Tsang Beijing's 'least favorite'Top News | Phoenix Un 22 Feb 2017
Hong Kong and Macao Affairs Office director Wang Guangya is said to have told Election Committee members that Beijing likes John Tsang Chun-wah the least among chief executive aspirants.
Wang is the latest central government official to talk about the election race after National People's Congress chairman Zhang Dejiang.
Wang reportedly told the electors at a meeting in Shenzhen that Tsang is the contender with the least support from the central government.
State leaders were unhappy with the answers Tsang gave in March last year during an "interview" for the top job on how to defend the one country, two systems principle, and that the central government had received "bad information" on Tsang.
Ex-legislator Ronny Tong Ka-wah yesterday confirmed meeting Wang last week at Bauhinia Villa in Shenzhen during which he sensed that the official supports Lam.
"I feel that he thinks Lam is more suitable as chief executive. That's my own feeling."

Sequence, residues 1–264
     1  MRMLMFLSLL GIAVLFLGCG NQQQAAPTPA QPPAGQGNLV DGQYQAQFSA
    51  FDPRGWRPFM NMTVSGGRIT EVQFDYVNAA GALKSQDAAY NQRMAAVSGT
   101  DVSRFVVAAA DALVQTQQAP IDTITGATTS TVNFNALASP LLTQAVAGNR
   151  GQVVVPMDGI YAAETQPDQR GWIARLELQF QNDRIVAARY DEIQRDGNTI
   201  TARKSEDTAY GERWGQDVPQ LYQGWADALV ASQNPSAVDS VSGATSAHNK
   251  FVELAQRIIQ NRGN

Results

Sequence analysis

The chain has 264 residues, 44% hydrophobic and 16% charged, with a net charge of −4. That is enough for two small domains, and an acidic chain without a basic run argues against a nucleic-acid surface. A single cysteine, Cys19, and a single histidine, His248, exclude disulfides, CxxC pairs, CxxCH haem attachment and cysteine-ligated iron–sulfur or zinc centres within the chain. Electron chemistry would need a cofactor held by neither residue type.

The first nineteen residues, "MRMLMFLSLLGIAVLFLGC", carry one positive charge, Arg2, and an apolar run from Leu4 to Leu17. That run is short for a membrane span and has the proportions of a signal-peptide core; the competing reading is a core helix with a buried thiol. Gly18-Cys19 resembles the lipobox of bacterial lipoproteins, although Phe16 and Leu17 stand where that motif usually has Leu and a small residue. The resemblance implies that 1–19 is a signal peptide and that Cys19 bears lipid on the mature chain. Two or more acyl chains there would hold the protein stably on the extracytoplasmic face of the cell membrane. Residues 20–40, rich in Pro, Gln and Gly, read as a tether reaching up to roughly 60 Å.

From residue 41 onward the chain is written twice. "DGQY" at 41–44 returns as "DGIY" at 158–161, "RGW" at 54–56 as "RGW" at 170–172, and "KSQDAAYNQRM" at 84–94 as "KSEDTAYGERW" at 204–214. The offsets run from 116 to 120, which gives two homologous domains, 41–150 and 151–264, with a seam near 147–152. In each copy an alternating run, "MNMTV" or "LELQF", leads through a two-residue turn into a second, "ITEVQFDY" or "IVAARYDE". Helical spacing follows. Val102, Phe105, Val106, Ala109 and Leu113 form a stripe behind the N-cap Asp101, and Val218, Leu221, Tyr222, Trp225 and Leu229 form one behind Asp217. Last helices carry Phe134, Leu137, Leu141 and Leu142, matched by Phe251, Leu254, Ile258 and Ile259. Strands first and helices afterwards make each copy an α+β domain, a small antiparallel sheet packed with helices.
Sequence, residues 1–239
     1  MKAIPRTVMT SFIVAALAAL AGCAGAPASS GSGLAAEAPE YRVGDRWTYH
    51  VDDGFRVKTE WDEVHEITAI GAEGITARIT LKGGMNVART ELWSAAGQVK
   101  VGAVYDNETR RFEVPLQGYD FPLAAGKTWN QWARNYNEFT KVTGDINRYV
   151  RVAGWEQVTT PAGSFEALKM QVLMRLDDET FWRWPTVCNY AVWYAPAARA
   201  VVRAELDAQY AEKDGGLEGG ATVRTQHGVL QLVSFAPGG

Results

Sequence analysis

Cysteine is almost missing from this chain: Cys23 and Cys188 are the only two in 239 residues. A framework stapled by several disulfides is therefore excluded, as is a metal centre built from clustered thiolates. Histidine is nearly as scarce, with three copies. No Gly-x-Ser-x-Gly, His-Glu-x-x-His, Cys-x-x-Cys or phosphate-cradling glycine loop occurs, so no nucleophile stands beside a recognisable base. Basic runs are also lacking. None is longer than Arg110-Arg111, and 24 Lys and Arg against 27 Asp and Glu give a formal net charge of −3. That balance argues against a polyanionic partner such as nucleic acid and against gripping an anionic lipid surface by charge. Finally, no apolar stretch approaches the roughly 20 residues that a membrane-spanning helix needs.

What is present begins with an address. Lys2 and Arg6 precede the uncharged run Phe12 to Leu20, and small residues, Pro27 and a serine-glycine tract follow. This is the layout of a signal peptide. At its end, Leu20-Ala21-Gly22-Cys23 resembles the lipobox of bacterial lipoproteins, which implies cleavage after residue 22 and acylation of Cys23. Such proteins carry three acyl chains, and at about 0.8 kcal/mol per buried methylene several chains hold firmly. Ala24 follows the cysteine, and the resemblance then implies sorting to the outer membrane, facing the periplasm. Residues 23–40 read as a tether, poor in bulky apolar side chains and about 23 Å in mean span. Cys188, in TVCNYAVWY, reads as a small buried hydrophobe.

Tong believed what Wang did was not interfering with Hong Kong's internal affairs, adding "anybody who thinks Beijing isn't interested and has no opinions about the election doesn't really live in Hong Kong."
He also believed the meeting did not exert pressure on election committee members - though Tong is not an elector himself, and he would not quote Wang's exact words.
Ex-legislator Tik Chi-yuen, who also met Wang, said: "He stressed that Lam's ability is all-rounded, and Beijing trusts her more, while Mr Tsang is stronger in finance."
Heung Yee Kuk chairman Kenneth Lau Ip-keung, one of the Election Committee members whom Wang met in Shenzhen, said he discussed the race as well as New Territories affairs with Wang.
Lau denied that Wang had disparaged Tsang at the meeting. "I don't think such a thing happened," he said.
The Kuk, he added, officially decided yesterday to bundle all their 27 nominations for Lam.
The seven legislators of the Professionals Guild, meanwhile, slammed Wang's move, citing it as Beijing interference.
"Some contenders, especially those supported by citizens, still haven't got enough nominations to become candidates due to the interference. We are very dissatisfied that officials responsible for Hong Kong affairs still interfere," legislator Charles Mok said.
Separately, another hopeful, Regina Ip Lau Suk-yee, claimed she is being "sacrificed" to prevent Tsang from winning the top job.
"To prevent Tsang from being elected, only one of the two [women] can become a candidate to prevent us from seizing votes from each other, that's why they'll sacrifice me."